The architecture of the town narrates many stories about why it was built as it is; the political influences, climate, and lifestyle. Architecture takes us back in time, to experience the life of our forefathers and making the travel experience more enriching and enjoyable.
The most logical relationship between fashion and architecture is that both provide shelter in different social dimensions. Both fields passed through several periods transitioning from complexity to modernity and simplicity. Many buildings have been inspired by garments and garments from buildings.
Both buildings and clothes reflect lifestyle; they elevate aesthetics and appearance. They share the intellectual ideas that drive form, as well as many common elements like space and volume, color, texture, planes, structure, strength, and so on. There are differences though, most obviously in scale.
Moreover, unlike garments, buildings are bespoke rather than one of a number; they’re meant to last a lifetime rather than ephemeral; they’re inhabited by many and not just one, and the owner often isn’t the user. Just like eco-architecture, eco-fashion is now gaining popularity.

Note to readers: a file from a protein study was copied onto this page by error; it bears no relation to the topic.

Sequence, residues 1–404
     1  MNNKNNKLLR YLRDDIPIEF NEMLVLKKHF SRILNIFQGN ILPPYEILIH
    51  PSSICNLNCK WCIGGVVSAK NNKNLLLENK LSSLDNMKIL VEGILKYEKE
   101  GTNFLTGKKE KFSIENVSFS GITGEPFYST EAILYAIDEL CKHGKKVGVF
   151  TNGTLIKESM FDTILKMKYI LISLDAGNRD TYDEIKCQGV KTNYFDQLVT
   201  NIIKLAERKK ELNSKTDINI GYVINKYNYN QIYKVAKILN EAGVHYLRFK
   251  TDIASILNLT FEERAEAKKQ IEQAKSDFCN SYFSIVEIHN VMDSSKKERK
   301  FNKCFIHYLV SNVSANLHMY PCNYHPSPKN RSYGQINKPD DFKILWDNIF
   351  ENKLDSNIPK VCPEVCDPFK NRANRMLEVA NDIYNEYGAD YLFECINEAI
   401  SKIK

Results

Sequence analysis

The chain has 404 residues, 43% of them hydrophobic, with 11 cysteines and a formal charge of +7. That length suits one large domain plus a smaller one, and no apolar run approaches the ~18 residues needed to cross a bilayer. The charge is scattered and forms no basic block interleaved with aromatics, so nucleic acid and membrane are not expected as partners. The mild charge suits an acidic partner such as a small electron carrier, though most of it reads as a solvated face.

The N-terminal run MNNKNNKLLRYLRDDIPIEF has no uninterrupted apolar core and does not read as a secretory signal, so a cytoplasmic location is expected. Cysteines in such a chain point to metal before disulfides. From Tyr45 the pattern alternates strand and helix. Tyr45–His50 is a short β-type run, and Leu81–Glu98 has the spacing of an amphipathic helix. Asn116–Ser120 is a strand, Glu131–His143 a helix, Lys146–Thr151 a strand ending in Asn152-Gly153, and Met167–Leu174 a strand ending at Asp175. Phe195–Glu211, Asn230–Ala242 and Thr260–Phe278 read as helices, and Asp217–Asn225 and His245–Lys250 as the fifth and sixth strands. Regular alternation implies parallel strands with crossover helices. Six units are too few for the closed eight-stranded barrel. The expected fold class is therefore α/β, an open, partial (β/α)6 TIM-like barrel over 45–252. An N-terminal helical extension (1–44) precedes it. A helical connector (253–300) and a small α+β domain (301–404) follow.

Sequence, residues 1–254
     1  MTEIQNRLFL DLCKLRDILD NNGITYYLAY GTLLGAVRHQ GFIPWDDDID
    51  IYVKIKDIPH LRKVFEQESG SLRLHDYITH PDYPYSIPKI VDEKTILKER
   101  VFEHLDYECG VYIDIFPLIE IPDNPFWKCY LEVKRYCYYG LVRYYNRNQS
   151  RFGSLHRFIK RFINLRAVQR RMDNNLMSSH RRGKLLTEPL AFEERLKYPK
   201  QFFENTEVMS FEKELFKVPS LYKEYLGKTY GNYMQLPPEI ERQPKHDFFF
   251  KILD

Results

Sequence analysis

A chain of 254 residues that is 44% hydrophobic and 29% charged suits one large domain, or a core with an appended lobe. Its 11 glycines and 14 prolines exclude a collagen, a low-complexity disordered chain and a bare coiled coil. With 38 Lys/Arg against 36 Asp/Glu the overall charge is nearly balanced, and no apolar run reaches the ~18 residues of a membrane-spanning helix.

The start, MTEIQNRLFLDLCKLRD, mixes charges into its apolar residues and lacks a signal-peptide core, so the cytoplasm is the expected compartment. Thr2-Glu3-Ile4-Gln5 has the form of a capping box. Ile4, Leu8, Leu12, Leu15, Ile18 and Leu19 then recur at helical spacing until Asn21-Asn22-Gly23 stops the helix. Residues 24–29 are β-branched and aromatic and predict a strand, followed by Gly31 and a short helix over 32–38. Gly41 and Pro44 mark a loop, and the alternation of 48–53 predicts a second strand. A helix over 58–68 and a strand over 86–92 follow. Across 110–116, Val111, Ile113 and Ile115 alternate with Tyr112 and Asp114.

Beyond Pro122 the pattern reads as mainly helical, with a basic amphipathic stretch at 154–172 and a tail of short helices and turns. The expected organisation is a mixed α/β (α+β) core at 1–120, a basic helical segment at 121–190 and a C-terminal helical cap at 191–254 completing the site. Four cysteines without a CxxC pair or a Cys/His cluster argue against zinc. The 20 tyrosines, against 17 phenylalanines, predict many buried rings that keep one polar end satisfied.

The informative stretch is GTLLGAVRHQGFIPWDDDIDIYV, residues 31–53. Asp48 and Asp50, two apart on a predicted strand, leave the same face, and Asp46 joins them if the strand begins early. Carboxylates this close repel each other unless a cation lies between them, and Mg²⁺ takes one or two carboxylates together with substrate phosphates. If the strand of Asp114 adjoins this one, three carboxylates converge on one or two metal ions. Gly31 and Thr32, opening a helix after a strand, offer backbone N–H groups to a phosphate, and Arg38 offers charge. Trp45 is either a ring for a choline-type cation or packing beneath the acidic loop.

Taking environmental footprint into consideration during the production and manufacturing phase is known as eco-design. Eco-design not only improves the environmental outcomes, but it can also help you save a lot of money in the long-term. Sustainable or slow fashion just like sustainable buildings encourages the use of locally produced, biodegradable material which have little to no adverse effects on the environment.